Norton, Mass. -- We’re betting Charl Schwartzel shares similar opinions to those Luke Donald expressed -- and later apologized for -- about the redesigned 18th hole at TPC Boston.
After a bogey on 18 on Saturday, Donald tweeted about his dislike for architect Gil Hanse’s re-imagined putting surface, noting with a virtual smirk, "Nothing quite like hitting my best shot of the day into the last and walking off with a bogie [sic], what a terribly re-designed green." The hashtag "#sourtaste" added just a tad more texture to Donald’s critique, and then he mistakenly sent a direct message not meant for his 300,000 followers that took a pot shot directly at Hanse and for which Donald quickly made amends after deleting it.
"I made a mistake," Donald said after carding a 1-under 70 on Sunday. "I made a mistake, unfortunately, I made an error.
"I sent a message that was not meant to go out on Twitter, and I take full responsibility. I realized it immediately, tried to delete it and tried to move on. Unfortunately it got caught up there, and such is life," Donald continued. "I didn't mean to put it out there, and I apologize to anyone I offended, especially Gil Hanse."
Donald also erroneously sent out his cell number, which was ringing off the cyber hook, causing him to shut it off and, likely, have to shop around for a new number. "That’s what I deserve," he said.
While Donald said he may take a break from tweeting for a while and would apologize directly to Hanse should he see him around the track this weekend, he did not back off his observations about the reconstructed 18th green.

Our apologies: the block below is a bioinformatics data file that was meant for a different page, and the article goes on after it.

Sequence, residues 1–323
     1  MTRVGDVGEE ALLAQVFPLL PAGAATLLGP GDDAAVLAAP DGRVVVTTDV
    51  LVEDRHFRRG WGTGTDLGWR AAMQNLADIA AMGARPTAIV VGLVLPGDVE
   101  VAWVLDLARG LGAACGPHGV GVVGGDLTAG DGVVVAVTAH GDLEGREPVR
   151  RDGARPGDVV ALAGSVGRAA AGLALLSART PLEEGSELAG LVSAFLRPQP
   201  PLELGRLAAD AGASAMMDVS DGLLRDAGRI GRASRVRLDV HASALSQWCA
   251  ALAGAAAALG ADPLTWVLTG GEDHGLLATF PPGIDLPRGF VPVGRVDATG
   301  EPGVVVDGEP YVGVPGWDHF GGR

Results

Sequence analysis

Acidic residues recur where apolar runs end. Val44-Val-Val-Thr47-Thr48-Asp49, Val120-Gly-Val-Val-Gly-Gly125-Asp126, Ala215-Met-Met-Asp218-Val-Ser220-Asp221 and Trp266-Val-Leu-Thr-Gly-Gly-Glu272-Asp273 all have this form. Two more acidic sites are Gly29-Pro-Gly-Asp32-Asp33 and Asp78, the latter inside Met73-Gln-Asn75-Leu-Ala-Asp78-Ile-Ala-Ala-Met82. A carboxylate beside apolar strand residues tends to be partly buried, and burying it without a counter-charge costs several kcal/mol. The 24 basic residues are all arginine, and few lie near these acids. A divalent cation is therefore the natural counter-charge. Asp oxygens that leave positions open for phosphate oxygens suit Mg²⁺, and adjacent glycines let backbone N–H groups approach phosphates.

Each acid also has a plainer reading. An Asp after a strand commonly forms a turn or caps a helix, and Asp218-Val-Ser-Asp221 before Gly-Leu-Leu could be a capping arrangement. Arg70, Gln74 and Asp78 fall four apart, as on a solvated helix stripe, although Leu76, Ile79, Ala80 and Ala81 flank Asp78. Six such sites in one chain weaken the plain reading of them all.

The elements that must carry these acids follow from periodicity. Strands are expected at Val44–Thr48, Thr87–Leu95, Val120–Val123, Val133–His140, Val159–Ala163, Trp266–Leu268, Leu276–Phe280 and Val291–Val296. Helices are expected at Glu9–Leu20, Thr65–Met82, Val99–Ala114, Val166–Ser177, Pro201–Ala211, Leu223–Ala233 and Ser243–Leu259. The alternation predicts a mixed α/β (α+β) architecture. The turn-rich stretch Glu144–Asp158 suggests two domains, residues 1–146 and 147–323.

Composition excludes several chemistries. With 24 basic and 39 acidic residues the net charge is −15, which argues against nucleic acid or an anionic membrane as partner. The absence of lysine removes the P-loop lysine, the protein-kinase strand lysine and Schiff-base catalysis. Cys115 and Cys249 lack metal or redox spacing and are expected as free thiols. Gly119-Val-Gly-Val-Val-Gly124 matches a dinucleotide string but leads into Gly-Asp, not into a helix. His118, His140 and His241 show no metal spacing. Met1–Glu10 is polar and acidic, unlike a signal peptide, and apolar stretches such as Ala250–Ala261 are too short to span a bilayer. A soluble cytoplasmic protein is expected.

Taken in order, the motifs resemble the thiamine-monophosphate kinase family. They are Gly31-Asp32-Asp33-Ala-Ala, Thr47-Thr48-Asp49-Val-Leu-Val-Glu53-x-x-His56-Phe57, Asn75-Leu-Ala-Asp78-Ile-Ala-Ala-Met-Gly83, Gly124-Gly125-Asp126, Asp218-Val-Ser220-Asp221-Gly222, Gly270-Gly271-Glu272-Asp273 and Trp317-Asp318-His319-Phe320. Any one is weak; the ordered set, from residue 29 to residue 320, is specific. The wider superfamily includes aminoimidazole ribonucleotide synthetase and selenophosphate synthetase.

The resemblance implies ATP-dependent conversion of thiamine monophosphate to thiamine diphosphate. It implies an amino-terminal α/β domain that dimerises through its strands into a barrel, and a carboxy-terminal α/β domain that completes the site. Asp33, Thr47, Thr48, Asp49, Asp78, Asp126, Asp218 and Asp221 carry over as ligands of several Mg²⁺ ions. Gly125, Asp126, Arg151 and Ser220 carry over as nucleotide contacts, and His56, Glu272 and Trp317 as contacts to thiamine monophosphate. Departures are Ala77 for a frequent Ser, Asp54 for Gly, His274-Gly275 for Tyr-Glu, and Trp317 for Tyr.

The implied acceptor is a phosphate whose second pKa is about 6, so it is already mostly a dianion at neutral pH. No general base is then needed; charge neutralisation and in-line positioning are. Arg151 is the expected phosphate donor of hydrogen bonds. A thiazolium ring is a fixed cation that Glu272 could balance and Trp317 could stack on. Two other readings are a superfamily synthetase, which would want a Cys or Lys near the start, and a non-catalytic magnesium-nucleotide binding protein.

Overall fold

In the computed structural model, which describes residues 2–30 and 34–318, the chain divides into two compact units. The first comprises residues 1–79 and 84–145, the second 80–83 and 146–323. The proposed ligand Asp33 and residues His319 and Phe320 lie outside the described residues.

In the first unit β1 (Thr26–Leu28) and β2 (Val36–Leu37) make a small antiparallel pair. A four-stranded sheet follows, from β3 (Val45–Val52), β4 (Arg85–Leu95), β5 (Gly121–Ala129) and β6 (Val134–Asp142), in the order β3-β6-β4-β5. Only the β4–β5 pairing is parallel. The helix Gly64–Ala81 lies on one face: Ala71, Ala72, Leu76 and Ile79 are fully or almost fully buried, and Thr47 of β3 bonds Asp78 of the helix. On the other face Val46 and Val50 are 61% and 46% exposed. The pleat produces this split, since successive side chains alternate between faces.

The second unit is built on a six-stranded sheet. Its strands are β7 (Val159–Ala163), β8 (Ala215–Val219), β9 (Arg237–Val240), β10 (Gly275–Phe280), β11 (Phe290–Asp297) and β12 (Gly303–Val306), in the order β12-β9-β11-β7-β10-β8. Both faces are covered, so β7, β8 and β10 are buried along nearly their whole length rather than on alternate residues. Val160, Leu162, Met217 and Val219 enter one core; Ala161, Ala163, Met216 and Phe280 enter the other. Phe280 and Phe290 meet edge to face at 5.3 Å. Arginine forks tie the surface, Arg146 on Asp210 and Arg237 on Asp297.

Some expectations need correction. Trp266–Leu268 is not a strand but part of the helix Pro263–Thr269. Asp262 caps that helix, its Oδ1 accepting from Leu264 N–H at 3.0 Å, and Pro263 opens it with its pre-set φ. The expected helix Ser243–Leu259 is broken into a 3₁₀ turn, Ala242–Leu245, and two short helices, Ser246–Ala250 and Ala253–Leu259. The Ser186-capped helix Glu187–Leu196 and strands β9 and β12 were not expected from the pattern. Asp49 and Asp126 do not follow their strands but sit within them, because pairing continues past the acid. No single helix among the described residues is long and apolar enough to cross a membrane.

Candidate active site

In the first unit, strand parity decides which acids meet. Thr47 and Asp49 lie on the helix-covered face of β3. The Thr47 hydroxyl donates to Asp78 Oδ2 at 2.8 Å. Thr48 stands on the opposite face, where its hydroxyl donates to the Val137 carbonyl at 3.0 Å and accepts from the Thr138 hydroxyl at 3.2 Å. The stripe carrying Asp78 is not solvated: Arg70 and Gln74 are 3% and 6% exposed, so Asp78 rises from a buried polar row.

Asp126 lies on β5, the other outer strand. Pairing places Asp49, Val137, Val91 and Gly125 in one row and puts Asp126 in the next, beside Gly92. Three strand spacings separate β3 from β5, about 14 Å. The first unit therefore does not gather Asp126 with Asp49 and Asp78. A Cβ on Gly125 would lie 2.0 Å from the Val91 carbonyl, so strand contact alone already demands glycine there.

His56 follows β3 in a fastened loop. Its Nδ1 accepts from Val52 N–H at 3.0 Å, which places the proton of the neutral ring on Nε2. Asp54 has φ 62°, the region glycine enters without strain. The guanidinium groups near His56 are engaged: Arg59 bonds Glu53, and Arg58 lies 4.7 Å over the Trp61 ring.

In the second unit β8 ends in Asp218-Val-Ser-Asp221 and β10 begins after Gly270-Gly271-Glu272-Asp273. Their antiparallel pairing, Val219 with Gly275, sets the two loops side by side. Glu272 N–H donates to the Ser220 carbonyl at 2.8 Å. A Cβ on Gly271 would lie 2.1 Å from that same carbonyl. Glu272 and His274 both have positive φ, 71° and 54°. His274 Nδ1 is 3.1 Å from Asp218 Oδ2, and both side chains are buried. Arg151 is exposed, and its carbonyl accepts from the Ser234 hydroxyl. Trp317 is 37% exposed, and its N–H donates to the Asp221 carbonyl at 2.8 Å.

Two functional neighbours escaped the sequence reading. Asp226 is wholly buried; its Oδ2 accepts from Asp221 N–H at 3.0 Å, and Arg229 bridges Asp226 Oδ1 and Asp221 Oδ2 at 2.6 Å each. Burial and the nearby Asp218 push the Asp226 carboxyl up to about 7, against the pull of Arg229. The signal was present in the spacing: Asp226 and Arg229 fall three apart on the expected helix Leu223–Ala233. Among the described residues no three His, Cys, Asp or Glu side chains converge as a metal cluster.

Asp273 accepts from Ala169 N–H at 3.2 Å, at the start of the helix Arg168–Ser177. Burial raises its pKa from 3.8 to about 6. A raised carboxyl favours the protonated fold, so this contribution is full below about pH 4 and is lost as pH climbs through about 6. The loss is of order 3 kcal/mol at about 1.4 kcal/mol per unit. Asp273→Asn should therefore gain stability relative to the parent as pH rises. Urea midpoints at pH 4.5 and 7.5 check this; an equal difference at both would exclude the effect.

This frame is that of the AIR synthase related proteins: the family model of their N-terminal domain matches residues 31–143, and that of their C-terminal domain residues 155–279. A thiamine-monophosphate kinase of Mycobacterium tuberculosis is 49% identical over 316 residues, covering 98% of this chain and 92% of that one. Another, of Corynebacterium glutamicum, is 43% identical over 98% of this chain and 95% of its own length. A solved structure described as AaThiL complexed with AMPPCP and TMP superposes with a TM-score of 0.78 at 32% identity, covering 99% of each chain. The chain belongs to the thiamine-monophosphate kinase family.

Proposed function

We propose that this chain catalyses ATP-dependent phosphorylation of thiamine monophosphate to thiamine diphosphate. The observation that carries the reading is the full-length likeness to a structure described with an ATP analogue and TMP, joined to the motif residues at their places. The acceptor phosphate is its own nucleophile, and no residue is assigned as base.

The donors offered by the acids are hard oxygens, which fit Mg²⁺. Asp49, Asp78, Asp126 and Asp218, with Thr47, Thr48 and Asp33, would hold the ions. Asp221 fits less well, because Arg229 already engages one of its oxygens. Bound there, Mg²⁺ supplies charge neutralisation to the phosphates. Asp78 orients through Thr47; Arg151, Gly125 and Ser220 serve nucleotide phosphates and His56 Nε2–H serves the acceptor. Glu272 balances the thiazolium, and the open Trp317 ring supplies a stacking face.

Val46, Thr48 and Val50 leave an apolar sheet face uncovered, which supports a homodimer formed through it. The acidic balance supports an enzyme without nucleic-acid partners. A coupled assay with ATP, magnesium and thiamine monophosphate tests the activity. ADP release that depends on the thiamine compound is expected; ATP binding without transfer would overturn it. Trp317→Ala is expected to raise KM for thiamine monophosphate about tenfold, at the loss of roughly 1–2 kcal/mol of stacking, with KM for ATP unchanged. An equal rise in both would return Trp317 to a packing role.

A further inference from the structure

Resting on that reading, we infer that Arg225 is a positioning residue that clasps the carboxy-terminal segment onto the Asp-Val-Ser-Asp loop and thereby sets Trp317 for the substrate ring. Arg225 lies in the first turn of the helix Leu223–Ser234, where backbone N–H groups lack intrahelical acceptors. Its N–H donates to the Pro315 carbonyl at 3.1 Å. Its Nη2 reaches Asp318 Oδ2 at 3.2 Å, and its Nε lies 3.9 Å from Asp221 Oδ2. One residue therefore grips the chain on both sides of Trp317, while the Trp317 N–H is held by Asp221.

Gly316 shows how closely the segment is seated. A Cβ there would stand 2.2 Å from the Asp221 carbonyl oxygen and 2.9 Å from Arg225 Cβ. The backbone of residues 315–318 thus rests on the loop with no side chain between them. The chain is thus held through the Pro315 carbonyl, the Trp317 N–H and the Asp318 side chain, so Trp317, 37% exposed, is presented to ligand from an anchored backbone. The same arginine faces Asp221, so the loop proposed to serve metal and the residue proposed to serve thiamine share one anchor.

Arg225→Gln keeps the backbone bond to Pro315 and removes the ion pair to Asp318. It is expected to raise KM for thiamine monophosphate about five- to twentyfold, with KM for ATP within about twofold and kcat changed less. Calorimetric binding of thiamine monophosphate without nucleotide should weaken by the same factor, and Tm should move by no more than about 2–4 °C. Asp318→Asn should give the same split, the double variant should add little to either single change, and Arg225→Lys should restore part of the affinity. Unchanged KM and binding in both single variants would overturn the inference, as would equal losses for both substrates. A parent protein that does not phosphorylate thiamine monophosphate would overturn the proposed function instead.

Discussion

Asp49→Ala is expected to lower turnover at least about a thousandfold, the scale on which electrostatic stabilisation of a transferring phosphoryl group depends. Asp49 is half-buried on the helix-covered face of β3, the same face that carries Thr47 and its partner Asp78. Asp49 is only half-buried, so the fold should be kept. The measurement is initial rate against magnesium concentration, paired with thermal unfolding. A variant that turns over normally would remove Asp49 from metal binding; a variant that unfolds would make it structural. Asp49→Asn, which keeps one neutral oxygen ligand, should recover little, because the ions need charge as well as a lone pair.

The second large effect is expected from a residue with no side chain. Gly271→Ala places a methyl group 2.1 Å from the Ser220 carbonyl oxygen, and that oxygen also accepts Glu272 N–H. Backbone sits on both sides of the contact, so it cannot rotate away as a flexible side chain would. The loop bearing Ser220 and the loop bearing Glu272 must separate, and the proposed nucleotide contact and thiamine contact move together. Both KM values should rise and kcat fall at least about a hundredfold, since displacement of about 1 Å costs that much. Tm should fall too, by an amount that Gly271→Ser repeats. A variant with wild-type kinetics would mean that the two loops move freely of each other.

"I'm still not that keen on it," he said. "I think the Tour have done a great job in terms of making this course a lot better. I just think some of the design in that hole is a little severe. Obviously I was pretty heated, and certainly by the time that message went out, I had calmed down a lot, but it certainly wasn't meant to be public."
But back to Schwartzel, who fired a lovely 66 on Saturday to put himself into contention, only to go out on Sunday and post a stinker that included three double-bogeys on the way to an 8-over 79.
The crowning blow, however, came on the 18th hole, where the 2011 Masters champ had a two-foot putt for birdie and -- after missing that, his par putt, and another short bogey putt -- walked off the course with a double-bogey seven that had golf watchers shaking their heads and muttering, "been there, done that."
Only not, probably, on the PGA Tour, on national TV.